3 min read

Where the $240B Digital Ad Market is Going

Early in my career, one of my mentors told me, “Ads are lazy marketing.” It stuck with me this long because it was a reminder to exhaust all other options before resorting to the simple solution. But really, it was meant to reinforce the point that advertising isn’t a scalable marketing strategy.

Advertising doesn’t scale because ads rarely get shared. You can only get out what you spend with an ad platform.

I’m not saying I’m above ads. I understand why US digital ad spending is expected to hit $239.89 billion in 2022. Self-service ad platforms (Facebook, Google, and Amazon) got really good at targeting consumers. The specificity with which you could launch a Facebook campaign was scary. It almost felt illegal… Ironically, now it is.

Privacy At An All-Time High

Five states (CA, CO, CT, UT, and VA) have passed consumer privacy laws in the last two years, and a federal bill is in the works. Furthermore, privacy-first software is being integrated into our browsers and phones at an alarming rate.

In early 2021, Apple started prompting users to decide if they wanted to allow each app to track their behaviors across other apps and websites. An astounding 96% of US iPhone users opted out of app tracking.

Starting in 2023, Google Chrome will begin phasing out 3rd-party cookie support with a complete ban on them by the end of 2024.

All of this culminates into an advertiser’s worst nightmare. Rising ad costs with worse performance:

  • The cost to reach 1,000 consumers on Facebook has tripled in the last 24 months
  • Targeting and attribution performance has deteriorated by 30-50%

We’re quickly approaching the end of an era where digital advertising was cheap and effective. Browser and phone-based advertising will never be the same. The smart thing is to find a new home for your ad dollars.

Where Digital Ad Dollars Should Go

When we talk about digital ads, there are three primary platforms we’re talking about: Google, Facebook, and Amazon. Other the last few years, their market share has consistently hovered around 63-65%. Interestingly, in just four years, Amazon will have nearly doubled its share of ad revenue.

Source: Insider Intelligence

But what other angles are there to take? What ad opportunities lie outside of Google, Facebook, and Amazon?

OTT (Over-the-Top) and CTV (Connected TV) are the front-running ad platforms of the next decade because they collectively provide the reach of Facebook/Google without sacrificing the programmatic capabilities that traditional TV lacks. OTT includes streaming services that offer ads like Hulu and soon Netflix. CTV includes media players like Roku and Amazon FireTV.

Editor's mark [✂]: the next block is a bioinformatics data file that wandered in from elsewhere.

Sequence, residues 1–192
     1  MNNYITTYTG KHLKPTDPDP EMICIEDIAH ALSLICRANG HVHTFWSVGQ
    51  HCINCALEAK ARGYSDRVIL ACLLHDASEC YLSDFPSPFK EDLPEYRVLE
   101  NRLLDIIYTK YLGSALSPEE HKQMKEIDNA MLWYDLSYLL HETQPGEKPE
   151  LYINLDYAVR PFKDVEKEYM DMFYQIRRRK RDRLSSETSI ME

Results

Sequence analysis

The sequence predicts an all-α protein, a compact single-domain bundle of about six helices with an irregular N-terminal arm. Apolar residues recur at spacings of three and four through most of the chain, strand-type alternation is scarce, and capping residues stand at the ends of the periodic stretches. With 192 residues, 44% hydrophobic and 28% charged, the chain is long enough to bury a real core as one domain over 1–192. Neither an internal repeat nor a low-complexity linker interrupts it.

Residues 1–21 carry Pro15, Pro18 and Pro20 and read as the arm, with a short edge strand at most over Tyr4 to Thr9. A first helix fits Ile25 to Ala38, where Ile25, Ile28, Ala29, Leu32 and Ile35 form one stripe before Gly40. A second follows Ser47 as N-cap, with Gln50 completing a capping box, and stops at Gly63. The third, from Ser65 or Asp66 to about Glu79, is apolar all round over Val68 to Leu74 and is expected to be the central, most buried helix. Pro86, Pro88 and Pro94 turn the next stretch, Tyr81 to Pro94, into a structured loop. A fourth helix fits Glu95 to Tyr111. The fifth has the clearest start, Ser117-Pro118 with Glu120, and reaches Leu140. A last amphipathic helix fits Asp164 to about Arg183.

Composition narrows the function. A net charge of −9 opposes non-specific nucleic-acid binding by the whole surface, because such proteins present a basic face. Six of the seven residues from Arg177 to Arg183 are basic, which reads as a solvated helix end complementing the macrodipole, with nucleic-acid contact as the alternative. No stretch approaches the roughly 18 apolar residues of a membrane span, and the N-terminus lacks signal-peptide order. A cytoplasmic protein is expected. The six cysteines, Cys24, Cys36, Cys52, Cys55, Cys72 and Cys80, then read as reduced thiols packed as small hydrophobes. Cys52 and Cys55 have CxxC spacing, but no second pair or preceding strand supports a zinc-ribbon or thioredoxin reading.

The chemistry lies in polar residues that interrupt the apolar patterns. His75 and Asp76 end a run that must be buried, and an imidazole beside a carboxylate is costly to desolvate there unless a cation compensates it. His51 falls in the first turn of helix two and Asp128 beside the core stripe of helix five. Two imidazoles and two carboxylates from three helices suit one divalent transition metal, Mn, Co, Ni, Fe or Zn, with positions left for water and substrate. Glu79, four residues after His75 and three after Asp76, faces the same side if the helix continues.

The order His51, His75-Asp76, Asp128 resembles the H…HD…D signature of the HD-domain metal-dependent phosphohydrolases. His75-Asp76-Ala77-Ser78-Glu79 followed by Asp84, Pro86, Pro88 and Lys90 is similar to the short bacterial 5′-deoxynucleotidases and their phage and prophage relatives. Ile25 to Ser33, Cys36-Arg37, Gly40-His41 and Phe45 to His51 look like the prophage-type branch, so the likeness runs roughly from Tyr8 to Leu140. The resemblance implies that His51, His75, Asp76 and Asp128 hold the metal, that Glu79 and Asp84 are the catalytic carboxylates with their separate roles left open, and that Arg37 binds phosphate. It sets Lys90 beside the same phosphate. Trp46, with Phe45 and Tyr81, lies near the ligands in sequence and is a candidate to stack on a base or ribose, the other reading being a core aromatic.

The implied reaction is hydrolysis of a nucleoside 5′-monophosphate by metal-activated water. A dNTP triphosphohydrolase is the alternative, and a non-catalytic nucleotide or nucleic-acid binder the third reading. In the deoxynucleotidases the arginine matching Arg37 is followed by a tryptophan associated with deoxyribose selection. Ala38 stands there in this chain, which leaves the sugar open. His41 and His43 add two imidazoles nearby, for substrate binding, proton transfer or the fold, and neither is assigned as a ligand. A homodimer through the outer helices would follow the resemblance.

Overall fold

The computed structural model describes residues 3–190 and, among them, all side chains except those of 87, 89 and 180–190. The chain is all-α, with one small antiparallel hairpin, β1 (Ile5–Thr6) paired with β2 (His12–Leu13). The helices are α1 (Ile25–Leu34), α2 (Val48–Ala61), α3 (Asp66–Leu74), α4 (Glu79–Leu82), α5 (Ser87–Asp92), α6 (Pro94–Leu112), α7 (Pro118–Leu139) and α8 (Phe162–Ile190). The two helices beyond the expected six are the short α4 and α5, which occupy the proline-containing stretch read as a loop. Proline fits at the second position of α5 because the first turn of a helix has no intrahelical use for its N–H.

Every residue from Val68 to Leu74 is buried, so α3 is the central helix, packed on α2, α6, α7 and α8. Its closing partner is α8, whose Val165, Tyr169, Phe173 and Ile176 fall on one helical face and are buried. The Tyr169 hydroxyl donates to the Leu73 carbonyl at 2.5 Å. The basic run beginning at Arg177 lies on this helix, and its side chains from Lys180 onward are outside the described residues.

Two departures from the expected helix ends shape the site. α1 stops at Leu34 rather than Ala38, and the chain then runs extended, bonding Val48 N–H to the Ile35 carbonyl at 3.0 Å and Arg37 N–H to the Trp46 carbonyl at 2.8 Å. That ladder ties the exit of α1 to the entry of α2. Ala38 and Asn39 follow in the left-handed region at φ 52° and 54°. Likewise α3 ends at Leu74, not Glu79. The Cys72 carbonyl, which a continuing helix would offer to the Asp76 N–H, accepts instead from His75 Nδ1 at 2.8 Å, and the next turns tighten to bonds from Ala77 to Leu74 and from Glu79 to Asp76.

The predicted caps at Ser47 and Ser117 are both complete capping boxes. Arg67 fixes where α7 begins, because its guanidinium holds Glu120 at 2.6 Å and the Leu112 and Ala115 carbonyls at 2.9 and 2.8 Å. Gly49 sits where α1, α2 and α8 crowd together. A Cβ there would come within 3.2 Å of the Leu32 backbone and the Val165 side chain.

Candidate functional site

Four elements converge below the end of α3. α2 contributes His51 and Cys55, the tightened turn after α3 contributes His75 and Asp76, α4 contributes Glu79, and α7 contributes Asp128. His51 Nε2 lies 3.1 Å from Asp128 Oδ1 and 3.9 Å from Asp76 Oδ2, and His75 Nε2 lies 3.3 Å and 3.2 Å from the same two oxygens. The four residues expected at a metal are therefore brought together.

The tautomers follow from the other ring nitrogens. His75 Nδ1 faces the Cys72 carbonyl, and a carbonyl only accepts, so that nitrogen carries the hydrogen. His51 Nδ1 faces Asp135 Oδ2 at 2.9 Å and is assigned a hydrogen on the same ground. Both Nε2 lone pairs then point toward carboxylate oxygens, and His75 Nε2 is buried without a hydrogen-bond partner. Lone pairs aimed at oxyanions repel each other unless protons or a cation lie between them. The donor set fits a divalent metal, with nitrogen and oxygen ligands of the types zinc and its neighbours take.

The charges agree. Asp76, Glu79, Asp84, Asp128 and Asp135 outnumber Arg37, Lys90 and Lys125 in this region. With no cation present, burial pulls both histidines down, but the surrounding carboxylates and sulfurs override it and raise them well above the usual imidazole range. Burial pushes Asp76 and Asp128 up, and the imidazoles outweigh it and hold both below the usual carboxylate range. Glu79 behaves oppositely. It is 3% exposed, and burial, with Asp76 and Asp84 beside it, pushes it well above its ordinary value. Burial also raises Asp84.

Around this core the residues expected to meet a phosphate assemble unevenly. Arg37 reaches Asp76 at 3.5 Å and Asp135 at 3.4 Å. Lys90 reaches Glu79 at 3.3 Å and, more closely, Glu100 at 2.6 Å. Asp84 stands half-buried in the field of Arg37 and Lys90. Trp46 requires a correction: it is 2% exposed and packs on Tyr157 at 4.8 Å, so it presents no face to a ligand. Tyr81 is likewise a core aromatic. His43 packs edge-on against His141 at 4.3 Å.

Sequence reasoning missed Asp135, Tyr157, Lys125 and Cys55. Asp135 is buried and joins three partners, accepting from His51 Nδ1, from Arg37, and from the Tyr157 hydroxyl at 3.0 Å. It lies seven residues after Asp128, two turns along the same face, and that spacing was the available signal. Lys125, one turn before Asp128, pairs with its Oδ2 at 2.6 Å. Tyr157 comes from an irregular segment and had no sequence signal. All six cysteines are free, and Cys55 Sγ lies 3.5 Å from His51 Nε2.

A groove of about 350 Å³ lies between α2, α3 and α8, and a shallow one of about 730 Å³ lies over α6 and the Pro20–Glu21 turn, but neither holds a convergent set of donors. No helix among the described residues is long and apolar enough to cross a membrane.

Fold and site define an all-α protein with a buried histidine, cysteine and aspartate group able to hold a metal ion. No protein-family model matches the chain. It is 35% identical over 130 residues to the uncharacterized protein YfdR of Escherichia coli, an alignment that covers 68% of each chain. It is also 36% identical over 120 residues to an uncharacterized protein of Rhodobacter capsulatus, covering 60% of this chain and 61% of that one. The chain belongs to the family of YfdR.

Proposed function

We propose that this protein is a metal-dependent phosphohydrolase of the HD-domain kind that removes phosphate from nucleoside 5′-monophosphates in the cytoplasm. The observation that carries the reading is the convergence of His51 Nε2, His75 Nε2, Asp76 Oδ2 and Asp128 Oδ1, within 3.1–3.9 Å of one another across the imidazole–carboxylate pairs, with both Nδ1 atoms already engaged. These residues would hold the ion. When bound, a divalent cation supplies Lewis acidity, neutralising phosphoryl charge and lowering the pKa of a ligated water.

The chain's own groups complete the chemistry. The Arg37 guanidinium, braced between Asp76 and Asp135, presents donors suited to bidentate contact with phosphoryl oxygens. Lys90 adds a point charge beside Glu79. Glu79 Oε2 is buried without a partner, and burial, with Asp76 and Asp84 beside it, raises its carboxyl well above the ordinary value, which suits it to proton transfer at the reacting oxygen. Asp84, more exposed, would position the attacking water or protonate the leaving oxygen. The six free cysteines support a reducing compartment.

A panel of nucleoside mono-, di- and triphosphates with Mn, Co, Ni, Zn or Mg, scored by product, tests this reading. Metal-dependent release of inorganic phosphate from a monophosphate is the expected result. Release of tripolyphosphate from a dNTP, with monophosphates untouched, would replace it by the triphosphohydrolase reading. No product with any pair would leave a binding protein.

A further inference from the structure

Localized marketing will see a resurgence. Because location-based tracking and geofencing campaigns can provide targeted marketing while still obfuscating personally identifiable information, this form of tracking may be able to survive.

Grassroots community marketing will take precedence over influencer marketing. The key to community marketing is finding people with a certain amount of gravity to their actions. I caution against calling them local influencers because they don’t act like influencers in the proverbial sense. Rather, these are trusted and respected local leaders and professionals who can get swaths of their communities to show up at an event or download an app.

Build where no one is building. Now is also a great time to start testing in places that have either gone forgotten or haven’t reached a critical mass of ad buyers yet.

  • Roblox is paving the way for metaverse ads and has already proven immensely successful in brand discovery campaigns. The first brands to figure out how to convert customers in Roblox will have a clear advantage for months, maybe even years.
  • Shopify is another platform that I would focus my efforts on. There’s a Shopify extension for everything. Getting good at using plug-ins for capturing first-party data and also for retaining customers (such as review plug-ins) is an overlooked art. (I still think there could be more innovation on Shopify and believe that ad tech will get savvier at building on this platform.)

Overall, I speak with many business owners and CMOs who have been decimated by the rising costs of digital advertising over the last couple of years. Many of them feel lost because they over-indexed on using the Facebook Ads platform. They relied too heavily on the tool instead of the strategy.

That’s why in addition to finding new places to park digital ad money, it’s imperative to reinforce the need for consistent creative production. Ad platforms made it possible to thrive with a couple of ad variations. But as targeting gets more difficult, those with the larger archives of creative will win because they have the optionality to dial in their messaging. Now is the time to double down on creative and content production.